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Succeed at Exams: Problem-Solving Exams

What is a problem-solving exam?

  • Problem-solving exams come in a variety of formats, from multiple choice, to short answer, to long calculations.
  • They frequently test your ability to apply the problem-solving skills you’ve learned in lectures, labs, and readings to new types of questions.

What are some strategies for studying for problem-solving exams?

  • Pay attention to example problems emphasized in class, the text, and assignments, especially those that appear in more than one of these places.
  • Don’t assume, however, that the same or similar problems will appear on the exam. The exam will likely test your ability to apply what you’ve learned about solving problems to new types of questions, rather than your ability to memorize and regurgitate examples you’ve already seen.
  • Focus on the process the instructor used for solving the problem.  Think about your own problem-solving strategies.
  • Practise, practise, practise! The more problems, and more importantly, the more types of problems you solve, the better prepared you’ll be.
  • Look for connections between concepts and equations and note how to choose the correct equation in complex practice problems.
  • Generate your own test questions with a study group or partner. Practise answering questions within a limited time frame.
  • Review previous tests, quizzes, or midterms, and figure out why you lost marks before.

What are some strategies for writing problem-solving exams?

  • Look over the entire exam before beginning and budget your time according to how much each question is worth.  Leave enough time to read over your answers at the end of the exam.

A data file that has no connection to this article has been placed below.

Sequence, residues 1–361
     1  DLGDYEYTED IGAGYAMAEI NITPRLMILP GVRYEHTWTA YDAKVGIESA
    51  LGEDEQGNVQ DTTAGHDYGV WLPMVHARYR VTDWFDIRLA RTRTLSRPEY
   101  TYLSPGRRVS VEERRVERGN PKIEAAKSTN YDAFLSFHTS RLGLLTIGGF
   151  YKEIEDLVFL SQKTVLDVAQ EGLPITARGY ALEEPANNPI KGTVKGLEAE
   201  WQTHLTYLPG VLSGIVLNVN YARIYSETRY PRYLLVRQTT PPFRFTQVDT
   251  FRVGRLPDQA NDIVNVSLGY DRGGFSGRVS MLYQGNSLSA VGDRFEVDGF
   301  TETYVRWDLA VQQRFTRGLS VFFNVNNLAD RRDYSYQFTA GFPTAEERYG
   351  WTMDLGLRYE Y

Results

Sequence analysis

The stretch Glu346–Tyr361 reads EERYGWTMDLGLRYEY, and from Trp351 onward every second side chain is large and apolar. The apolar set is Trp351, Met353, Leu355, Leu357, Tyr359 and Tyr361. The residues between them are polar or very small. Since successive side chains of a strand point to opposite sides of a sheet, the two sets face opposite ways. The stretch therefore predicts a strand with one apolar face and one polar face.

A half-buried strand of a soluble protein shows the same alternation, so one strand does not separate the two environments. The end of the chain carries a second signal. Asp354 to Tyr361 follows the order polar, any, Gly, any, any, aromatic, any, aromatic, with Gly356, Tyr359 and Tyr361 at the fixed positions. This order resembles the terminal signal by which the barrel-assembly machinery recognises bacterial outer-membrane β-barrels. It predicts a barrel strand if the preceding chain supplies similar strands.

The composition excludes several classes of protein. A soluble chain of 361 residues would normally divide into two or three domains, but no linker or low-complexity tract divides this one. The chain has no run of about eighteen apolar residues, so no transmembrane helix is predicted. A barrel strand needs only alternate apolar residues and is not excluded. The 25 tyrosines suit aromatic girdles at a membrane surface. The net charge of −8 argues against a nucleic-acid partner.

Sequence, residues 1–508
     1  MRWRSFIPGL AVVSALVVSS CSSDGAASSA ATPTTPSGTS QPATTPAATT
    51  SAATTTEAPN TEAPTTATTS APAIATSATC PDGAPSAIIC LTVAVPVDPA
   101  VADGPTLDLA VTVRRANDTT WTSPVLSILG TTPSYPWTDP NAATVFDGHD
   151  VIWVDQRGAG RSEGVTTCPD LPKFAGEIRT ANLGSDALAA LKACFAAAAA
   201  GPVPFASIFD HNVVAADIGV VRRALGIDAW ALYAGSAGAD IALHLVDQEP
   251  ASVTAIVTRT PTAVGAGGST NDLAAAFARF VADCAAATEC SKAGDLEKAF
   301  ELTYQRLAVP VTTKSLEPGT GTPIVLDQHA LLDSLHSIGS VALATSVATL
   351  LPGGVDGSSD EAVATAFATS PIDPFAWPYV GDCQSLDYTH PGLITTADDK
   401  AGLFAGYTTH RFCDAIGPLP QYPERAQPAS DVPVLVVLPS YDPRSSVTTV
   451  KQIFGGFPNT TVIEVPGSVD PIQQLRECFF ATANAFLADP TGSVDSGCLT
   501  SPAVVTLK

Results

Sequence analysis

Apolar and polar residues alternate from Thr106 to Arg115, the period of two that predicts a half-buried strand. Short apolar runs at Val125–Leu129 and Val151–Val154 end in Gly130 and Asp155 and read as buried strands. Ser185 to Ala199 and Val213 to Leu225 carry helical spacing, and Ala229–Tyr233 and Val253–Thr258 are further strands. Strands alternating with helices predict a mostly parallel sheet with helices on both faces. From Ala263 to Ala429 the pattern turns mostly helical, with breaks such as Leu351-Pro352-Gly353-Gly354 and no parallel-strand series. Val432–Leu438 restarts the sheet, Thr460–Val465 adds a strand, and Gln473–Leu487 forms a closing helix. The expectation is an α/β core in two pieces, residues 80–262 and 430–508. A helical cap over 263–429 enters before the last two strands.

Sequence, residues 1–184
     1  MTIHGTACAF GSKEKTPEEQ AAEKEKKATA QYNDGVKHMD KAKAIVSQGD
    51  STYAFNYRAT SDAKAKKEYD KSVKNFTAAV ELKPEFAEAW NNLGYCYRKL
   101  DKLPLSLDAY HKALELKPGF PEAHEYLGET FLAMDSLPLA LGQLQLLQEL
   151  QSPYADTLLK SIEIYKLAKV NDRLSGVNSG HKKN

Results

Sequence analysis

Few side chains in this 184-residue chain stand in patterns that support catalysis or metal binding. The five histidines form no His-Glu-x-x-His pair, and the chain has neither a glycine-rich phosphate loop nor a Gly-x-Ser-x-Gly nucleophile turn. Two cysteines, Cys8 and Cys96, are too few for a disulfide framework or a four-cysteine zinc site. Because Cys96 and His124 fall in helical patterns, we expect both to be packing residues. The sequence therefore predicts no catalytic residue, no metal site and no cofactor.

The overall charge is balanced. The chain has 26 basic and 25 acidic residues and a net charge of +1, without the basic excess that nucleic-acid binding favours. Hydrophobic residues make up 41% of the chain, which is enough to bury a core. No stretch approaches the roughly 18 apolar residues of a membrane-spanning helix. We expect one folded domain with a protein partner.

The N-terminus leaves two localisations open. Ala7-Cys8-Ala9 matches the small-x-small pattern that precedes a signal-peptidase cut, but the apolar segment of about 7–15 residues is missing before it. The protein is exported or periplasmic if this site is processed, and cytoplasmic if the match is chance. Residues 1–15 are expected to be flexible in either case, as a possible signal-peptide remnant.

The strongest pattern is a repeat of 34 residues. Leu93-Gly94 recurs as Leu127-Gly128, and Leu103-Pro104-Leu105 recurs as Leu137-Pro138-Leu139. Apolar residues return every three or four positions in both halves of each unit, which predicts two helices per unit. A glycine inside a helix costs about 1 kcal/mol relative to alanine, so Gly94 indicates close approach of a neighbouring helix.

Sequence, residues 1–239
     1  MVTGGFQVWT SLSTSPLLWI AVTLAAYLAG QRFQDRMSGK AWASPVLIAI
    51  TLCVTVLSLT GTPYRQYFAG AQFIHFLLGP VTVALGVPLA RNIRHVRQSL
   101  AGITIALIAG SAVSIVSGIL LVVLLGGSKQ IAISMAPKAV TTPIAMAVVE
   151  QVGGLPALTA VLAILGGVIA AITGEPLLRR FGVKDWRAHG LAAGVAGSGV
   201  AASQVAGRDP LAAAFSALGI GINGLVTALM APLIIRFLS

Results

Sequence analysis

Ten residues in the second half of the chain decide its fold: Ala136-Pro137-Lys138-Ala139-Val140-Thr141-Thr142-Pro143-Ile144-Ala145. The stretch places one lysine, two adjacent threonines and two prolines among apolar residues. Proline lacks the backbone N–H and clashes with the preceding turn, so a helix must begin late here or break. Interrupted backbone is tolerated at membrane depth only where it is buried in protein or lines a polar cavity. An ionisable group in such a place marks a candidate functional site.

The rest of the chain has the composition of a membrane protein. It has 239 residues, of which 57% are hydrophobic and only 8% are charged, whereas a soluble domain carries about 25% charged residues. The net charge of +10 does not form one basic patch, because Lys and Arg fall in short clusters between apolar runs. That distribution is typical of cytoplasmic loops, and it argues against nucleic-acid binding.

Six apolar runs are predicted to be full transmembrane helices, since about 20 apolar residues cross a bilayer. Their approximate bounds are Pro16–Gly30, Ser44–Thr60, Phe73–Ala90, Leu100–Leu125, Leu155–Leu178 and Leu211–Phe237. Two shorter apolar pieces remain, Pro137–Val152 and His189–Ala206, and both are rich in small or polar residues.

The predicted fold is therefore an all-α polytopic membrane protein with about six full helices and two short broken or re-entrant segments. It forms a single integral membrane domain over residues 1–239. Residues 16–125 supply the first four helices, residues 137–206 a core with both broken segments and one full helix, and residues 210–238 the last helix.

• Before starting, find a blank page on your exam and write down equations, concepts, and constants that you memorized.
  • Do the easy questions first to warm up your brain and calm exam nerves.
  • Read the questions carefully and rephrase them in your own words.
  • Keep track of all units. Convert values to keep the units consistent. Be aware of +/- signs.
  • Clearly mark assumptions, if they are necessary, and place them at or near the beginning of the solution whenever possible.

What can I do after the exam?

  • It can be helpful to look over your exam if you get it back to see where you have gone wrong, and what you have done well. If your instructor doesn’t routinely return exams, ask if you can see yours to learn from your errors.
  • Use this information to help you study more effectively next time.
  • Check out the error analysis LibGuide to help you go over feedback.

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